The front wheel angle and vehicle speed are used to determine the steady state component of the rear wheel steer angle during a maneuver. The front wheel angle, vehicle speed, and rate of change of the front wheel position are used to determine the transient component of the rear wheel angle during a maneuver. The rear wheel steering angle is determined according to the combination of the steady state and transient components. Vehicle speed is used for two purposes during a transient maneuver: the first purpose is to determine the number of samples to use to calculate the derivative of the front wheel position, and the second purpose is as an input variable used in a table lookup to determine the transient gain of the rear wheels.

BRIEF DESCRIPTION OF THE DRAWINGS

FIG. 1 is a system diagram, including a computer based control unit, of a four wheel steer system.

FIG. 2 is a block diagram of the control system used to determine the rear wheel position.

FIG. 3 is a graph that depicts a typical relation between the front wheel position and the rear wheel position at a given vehicle speed during steady state operation.

FIG. 4 is a graph which depicts the relation between the number of samples used to calculate the derivative and the vehicle speed.

FIG. 5 depicts a typical derivative gain table used to determine rear wheel position where the gain is a function of vehicle speed.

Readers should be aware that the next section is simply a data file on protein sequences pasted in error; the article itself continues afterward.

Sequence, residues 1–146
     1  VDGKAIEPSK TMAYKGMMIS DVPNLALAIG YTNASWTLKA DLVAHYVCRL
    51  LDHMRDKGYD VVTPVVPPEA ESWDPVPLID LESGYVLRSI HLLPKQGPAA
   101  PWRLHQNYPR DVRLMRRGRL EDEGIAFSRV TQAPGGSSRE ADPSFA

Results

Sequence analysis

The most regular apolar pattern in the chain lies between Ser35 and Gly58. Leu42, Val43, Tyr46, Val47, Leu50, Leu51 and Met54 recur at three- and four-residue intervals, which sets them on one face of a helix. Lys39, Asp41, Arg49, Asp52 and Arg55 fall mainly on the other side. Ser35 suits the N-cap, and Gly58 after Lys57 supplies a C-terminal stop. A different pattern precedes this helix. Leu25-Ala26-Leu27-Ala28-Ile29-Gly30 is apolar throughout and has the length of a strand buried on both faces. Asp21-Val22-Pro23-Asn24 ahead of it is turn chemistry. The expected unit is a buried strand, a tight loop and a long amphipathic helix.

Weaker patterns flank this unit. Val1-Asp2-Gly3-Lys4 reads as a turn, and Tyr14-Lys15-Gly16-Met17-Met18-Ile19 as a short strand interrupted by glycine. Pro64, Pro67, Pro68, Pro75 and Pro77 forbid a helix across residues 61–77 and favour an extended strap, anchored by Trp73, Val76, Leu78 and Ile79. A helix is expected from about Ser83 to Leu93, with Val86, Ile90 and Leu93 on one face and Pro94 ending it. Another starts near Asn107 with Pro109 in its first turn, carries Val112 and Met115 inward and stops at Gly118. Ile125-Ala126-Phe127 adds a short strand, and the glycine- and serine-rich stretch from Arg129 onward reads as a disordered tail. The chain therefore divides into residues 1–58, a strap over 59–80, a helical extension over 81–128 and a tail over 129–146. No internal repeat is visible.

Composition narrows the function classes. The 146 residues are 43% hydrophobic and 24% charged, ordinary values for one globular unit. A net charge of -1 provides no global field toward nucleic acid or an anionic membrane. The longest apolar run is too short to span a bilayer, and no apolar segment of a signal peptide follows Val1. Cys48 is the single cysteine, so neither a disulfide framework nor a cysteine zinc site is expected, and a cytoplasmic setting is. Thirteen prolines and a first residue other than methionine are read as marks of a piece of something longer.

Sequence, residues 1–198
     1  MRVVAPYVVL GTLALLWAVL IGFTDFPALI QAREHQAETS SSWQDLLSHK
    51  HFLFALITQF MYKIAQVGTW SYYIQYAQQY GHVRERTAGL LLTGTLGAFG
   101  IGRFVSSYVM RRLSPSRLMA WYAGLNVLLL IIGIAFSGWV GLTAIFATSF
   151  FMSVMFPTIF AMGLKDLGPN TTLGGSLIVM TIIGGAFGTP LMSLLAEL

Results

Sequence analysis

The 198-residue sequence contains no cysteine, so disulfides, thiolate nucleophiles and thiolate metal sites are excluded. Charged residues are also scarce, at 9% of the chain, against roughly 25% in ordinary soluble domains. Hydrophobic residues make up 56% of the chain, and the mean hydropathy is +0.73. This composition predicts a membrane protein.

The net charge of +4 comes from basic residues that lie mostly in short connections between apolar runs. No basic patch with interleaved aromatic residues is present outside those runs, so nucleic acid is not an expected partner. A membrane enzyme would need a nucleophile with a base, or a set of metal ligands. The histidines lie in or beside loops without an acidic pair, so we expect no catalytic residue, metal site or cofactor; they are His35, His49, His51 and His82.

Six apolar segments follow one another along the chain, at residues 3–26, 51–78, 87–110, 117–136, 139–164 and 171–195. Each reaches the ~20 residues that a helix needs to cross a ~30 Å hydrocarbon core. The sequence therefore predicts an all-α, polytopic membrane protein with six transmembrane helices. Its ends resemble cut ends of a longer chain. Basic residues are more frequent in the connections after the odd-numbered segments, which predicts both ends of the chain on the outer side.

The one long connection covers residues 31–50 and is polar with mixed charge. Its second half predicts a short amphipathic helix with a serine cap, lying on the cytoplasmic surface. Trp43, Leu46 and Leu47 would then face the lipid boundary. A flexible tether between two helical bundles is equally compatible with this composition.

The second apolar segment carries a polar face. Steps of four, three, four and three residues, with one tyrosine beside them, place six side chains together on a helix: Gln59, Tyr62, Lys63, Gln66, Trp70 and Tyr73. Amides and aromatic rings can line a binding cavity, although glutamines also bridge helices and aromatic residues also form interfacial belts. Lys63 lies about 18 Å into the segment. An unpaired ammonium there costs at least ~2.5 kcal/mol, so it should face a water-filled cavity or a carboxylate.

DETAILED DESCRIPTION OF THE INVENTION

Referring now particularly to FIG. 1, the reference numeral 10 generally designates a motor vehicle having four steerable wheels. The front wheels 12, 14 are steered together in response to rotation of a driver operated steering wheel 16. The hand-wheel 16 is mechanically connected via steering column 18 to a pinion gear 20, which is maintained in meshing engagement with teeth formed on a front rack 22 which, in turn, is connected to front wheel tie rods (not shown), completing the mechanical linkage connecting the front wheels 12, 14 to the hand-wheel 16.

A position sensor 26 responsive to axial displacement of the front rack 22 provides a rack position signal as an input to control unit 24 via line 28. The signal that is input is the position θf of the front wheels as positioned by the vehicle operator while rotating the steering wheel 16. In addition to the front wheel position, the vehicle speed Vss is input into the control unit 24 as detected by a vehicle speed sensor (not shown) through vehicle speed signal input line 30.